New debate over old laws
The Ten Commandments delivered by God to man well over 3,000 years ago, have become the focus of controversy across America. It seems strange that the legal code which has served as the basis of civil law in the Western World for over 2,000 years should now be the center of legal battle.
Previous generations never questioned the use of, display of, and reliance on the Ten Commandments; rather they heartily endorsed their use. For example:
In an even broader affirmation, several Founders of America declared that not just the Ten Commandments, but also Biblical principles in general were inseparable from law and society. For example:
Numerous others echoed similarly strong sentiments (see the section on the Ten Commandments in our book Original Intent); and significantly, so important have been the Ten Commandments to civil society that today an individual is more likely to find a copy of them hanging in a government building than in a church building.
The display of the Ten Commandments in public was first questioned in Stone v. Graham when the Supreme Court ruled that students could not be permitted—even voluntarily—to see a display of the Ten Commandments. Since that proverbial “crack in the dike,” activist legal groups, in a systematic series of cases, have successfully challenged and caused the removal of the Ten Commandments in public locations across the nation. Yet, although many of these cases have been lost, many have also been won.
Many are familiar with the plight of Judge Roy Moore in Alabama, who, despite a legal order, refused to remove the Ten Commandments from his courtroom. That widely publicized case reached a successful termination. The State Supreme Court, in a remarkable and admirable display of judicial restraint, refused to rule on anything other than those specific and narrow issues which had reached the Court. The Court then dismissed those issues as having no merit and vacated all proceedings against Judge Moore. The results is that Judge Moore is once again free to display the Ten Commandments in his courtroom and to permit ministers to pray over the jury pools.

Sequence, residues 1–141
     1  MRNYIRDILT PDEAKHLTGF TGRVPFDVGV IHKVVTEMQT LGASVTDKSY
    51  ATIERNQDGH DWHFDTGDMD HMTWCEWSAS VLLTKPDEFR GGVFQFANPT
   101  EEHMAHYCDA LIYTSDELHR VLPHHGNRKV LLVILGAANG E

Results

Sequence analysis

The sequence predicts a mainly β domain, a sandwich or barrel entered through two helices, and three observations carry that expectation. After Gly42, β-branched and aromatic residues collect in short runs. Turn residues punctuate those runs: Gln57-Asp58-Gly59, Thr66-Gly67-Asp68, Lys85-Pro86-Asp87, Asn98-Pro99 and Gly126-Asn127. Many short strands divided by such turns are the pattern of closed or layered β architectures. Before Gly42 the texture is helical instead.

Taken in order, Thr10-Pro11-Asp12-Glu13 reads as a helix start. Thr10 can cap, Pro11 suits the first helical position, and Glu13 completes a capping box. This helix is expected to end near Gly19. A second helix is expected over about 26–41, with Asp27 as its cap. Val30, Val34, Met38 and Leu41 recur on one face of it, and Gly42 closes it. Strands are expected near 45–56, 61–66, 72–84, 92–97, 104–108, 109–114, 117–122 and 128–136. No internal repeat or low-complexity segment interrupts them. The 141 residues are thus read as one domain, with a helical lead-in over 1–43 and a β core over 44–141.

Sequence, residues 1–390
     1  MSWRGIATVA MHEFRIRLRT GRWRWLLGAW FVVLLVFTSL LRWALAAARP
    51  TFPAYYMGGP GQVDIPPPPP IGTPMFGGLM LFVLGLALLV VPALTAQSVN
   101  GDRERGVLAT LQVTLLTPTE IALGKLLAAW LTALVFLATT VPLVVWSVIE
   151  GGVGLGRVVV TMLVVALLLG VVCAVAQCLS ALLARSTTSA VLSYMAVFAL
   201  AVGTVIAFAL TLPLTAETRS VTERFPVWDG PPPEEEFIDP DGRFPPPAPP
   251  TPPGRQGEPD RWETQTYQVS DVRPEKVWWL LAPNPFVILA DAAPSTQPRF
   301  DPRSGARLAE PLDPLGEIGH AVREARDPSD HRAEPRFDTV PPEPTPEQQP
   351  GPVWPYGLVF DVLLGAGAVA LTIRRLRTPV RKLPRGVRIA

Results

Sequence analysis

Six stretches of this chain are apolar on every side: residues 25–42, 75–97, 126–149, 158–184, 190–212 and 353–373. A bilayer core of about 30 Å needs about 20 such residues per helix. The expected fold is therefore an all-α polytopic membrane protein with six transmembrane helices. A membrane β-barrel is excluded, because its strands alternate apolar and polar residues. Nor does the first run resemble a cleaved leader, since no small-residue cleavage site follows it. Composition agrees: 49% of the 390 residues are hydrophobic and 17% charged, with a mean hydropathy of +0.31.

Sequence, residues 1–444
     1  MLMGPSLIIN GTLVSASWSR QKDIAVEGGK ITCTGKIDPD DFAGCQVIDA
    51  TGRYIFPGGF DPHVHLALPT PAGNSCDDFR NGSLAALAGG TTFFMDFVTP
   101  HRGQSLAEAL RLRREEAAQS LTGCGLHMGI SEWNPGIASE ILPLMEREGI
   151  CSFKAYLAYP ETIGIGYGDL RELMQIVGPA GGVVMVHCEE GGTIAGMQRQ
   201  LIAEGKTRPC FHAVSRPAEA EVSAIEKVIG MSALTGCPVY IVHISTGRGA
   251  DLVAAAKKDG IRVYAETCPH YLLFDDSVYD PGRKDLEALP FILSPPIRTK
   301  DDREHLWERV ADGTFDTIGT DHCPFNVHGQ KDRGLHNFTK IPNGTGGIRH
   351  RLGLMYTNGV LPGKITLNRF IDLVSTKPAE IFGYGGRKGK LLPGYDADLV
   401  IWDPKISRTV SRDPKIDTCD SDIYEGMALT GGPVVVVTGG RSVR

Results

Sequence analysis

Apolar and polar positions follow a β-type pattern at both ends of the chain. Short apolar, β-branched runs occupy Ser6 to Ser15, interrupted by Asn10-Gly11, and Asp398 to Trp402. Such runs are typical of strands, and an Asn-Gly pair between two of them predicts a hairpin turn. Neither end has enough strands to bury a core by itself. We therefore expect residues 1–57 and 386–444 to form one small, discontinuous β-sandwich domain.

A similar suit against Judge John Devine of Texas was also dismissed.
Not only have cases been won on the legal front, but efforts to protect displays of the Ten Commandments have progressed on other fronts as well. For example, in the U.S. Congress, Rep. Cliff Sterns (FL) introduced H. Con. Res. 35, a very simple and succinct bill declaring:
The Indiana legislature has passed a similar resolution declaring:
Also in Indiana, George Hall of the Christian Family Association of Indiana and Ohio successfully encouraged individual counties to pass a resolution to post the Ten Commandments in each county’s government office buildings. (For more information on this work, to help support their efforts, or to find out how you can do the same in your area, contact George Hall, P.O. Box 261, Auburn, IN 46706, 219-927-1364.)
As you can see, there are many good things occurring across the nation, both at the federal and the State levels. Be encouraged, Christians—and stay involved.
For further information on the practical importance of teaching the Ten Commandments in society, see:
Recommended for further reading:
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Author: David Barton of WallBuilders. Photos supplied by Films for Christ. Article used with permission. Copyright © 1998, WallBuilders, Inc., All Rights Reserved - except as noted on attached “Usage and Copyright” page that grants ChristianAnswers.Net users generous rights for putting this page to work in their homes, personal witnessing, churches and schools.